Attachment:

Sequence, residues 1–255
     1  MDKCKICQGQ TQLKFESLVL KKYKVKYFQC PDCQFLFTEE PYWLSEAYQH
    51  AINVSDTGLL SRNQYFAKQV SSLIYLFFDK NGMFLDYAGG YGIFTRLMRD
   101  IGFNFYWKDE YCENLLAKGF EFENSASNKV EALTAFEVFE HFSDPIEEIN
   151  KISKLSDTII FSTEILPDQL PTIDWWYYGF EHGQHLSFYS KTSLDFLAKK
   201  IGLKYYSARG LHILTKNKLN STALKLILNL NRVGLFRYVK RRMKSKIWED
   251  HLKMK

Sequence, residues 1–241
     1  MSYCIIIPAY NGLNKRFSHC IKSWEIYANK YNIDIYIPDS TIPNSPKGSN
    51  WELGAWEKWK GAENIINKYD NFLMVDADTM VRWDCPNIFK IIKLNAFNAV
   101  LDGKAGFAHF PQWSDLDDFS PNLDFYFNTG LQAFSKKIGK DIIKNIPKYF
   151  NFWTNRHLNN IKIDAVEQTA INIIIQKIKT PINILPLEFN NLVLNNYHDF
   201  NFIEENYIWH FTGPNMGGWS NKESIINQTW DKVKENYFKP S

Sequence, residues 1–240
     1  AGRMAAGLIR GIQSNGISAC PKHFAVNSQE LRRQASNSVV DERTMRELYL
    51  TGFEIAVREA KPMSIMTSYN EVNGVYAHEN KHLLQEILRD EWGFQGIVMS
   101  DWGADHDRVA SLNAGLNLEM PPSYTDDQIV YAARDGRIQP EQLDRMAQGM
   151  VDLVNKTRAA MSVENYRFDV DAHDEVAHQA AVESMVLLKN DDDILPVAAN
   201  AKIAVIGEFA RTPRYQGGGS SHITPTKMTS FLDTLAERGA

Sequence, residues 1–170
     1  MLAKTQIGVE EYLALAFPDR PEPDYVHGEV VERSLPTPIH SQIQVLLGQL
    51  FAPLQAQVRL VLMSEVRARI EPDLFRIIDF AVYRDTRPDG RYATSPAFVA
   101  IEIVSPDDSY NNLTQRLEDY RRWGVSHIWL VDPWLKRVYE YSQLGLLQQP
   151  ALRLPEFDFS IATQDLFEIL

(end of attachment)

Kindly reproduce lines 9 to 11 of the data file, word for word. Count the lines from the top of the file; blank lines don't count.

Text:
     1  MSYCIIIPAY NGLNKRFSHC IKSWEIYANK YNIDIYIPDS TIPNSPKGSN
    51  WELGAWEKWK GAENIINKYD NFLMVDADTM VRWDCPNIFK IIKLNAFNAV
   101  LDGKAGFAHF PQWSDLDDFS PNLDFYFNTG LQAFSKKIGK DIIKNIPKYF